SharePoint sites around the world are filled with libraries of old InfoPath forms, their related tasks and workflow history. How should organisations archive these forms to ensure the others can access and render these forms once InfoPath is finally gone?
This problem is not being addressed and records (archive) managers need to assess their options. We need to look at ways that old deprecated InfoPath form content can be captured, preserved, and rendered.
There are many options when choosing to preserve and represent historic InfoPath forms, but the associated task and workflow history must be stapled to the form to get a complete record of the form information. Others maintain legacy systems and old versions of SharePoint just to support such a need. These approaches require a relatively high level of technical development or support. But for those that want to “turn-off” their old SharePoint environments, if the form content is to be retained, it needs to be migrated for prosperity.
Why should HTML (and Modern pages in SharePoint) be considered as a format for the archival and preservation of forms, here are some reasons?
- Flexibility – HTML includes rich data structures that accommodate the diversity of form content, metadata and related workflow history. Modern pages (in the form of HTML) supports renderings (e.g. all forms of text content), files (e.g. attachments), links to alternate content, metadata (e.g. associated classifications), and data to verify authenticity (e.g. digital signatures), all in machine-readable form with full capture of semantics and provenance information.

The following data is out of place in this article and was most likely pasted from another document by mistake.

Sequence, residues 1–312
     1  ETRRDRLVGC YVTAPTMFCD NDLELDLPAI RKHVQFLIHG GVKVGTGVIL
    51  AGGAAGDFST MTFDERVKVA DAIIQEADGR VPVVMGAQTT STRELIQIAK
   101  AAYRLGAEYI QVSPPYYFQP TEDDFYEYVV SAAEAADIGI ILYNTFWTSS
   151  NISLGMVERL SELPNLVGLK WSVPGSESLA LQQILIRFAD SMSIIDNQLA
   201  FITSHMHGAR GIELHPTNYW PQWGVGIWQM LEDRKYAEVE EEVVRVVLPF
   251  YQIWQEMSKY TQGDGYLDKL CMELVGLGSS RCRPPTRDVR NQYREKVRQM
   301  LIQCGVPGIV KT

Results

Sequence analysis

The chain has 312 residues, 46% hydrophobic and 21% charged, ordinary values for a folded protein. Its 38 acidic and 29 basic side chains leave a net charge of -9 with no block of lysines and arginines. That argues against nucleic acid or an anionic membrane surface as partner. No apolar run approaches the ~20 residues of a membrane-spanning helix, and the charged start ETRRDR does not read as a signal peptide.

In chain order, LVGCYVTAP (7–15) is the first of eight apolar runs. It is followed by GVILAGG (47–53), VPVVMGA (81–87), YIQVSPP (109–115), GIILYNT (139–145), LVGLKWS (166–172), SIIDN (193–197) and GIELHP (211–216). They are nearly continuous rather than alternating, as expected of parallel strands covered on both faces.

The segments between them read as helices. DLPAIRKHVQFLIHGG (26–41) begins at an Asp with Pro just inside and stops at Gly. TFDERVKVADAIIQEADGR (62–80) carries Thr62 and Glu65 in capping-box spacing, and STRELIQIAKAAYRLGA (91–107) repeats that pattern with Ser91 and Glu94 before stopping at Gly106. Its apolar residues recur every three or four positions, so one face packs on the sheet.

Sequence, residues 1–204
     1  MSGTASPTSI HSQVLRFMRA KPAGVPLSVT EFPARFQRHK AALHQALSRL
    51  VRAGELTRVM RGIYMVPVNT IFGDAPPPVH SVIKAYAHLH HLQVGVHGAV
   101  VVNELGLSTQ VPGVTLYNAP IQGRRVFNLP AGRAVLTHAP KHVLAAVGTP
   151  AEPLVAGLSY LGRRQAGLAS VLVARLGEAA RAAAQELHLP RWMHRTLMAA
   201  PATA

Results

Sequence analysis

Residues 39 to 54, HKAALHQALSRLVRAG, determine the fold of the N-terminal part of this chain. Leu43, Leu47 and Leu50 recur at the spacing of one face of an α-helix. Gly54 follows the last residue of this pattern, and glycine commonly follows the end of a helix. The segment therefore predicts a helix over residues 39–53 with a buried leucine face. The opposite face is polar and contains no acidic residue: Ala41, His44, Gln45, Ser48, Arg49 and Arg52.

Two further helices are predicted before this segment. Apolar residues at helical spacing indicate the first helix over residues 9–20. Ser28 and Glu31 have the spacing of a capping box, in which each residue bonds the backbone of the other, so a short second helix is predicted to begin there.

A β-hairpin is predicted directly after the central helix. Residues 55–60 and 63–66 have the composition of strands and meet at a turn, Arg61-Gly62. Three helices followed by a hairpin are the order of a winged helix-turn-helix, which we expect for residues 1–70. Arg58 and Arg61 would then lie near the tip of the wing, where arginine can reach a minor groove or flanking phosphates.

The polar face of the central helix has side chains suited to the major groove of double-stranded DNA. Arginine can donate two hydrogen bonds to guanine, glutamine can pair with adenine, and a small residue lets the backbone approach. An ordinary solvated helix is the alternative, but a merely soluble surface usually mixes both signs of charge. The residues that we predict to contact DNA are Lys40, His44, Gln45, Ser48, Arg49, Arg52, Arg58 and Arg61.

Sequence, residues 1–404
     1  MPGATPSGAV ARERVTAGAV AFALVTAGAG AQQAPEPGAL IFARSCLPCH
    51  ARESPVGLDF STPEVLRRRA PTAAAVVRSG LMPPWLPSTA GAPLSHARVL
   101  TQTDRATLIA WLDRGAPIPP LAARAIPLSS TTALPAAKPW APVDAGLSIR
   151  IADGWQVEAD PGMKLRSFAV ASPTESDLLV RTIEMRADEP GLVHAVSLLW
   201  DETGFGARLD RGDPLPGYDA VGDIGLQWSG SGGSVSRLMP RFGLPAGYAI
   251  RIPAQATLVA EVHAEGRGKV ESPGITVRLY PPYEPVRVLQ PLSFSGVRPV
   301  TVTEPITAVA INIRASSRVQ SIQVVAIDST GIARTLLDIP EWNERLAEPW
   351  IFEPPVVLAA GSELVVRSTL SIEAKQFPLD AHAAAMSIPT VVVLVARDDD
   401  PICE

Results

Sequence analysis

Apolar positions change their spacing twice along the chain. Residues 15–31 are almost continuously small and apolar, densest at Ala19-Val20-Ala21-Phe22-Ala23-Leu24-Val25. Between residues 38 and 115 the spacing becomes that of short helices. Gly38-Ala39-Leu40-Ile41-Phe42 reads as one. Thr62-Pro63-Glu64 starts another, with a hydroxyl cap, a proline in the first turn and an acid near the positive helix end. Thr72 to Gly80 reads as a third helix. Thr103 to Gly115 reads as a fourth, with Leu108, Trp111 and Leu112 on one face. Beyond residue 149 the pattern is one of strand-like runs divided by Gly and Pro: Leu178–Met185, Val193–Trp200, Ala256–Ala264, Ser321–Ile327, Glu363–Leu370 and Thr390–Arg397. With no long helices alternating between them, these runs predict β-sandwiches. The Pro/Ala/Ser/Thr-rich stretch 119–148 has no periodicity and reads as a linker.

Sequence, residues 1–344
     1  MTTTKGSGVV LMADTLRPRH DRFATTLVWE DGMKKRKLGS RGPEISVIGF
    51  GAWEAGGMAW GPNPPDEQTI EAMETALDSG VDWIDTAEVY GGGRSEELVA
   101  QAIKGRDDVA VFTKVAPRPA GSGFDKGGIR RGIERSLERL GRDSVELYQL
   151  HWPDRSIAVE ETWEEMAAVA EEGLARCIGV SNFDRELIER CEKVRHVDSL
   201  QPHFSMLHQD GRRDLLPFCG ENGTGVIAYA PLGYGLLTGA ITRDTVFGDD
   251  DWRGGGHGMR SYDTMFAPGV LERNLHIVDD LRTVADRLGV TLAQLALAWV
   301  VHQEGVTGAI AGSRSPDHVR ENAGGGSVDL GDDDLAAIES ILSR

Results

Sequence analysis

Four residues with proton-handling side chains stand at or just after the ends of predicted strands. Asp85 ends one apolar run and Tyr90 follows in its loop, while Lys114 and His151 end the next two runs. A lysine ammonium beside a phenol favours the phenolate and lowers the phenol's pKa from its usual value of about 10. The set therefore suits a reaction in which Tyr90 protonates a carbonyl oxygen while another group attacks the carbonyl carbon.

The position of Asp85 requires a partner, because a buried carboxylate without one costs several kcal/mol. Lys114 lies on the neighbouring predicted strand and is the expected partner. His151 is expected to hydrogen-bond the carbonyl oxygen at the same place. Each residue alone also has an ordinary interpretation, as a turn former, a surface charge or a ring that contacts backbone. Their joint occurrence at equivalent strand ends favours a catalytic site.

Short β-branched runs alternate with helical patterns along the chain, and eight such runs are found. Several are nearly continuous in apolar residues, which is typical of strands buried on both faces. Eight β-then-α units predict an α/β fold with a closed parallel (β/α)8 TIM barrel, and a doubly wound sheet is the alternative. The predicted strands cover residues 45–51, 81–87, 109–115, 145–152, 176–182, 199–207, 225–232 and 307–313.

- Low risk data format – HTML is a standards-based format supported on all devices, operating systems and web browsers.
- Interactive format – HTML allows for the incorporation of all content types including images, video and audio. If your forms have captured these content types, HTML will deliver a seamless user experience.
Why not PDF?
PDF is definitely a good option. It is standard document format, some would say a natural platform and market leader in document preservation.
I think about it like this. PDF is a paginated format predominately used for printouts. To include other content types (like audio/video), whilst supported, is difficult to achieve and the user experience has much to be desired. PDF is also difficult to render on small form-factor devices. Zooming in/out is clumsy and the format is not responsive to the device it is loaded on. And then there is the question of attaching the workflow and task history to the PDF form.
Most people I ask would turn to PDF as the best option archiving content. This is history repeating itself. There is no question that it will work, however, HTML is far more flexible.
Please consider Modern Pages as the endpoint for your legacy InfoPath forms content (with workflow and task history) included and your users will love you for it. We have an automated process to help with the migration to Modern pages which supports the InfoPath form content and associated workflow and task history.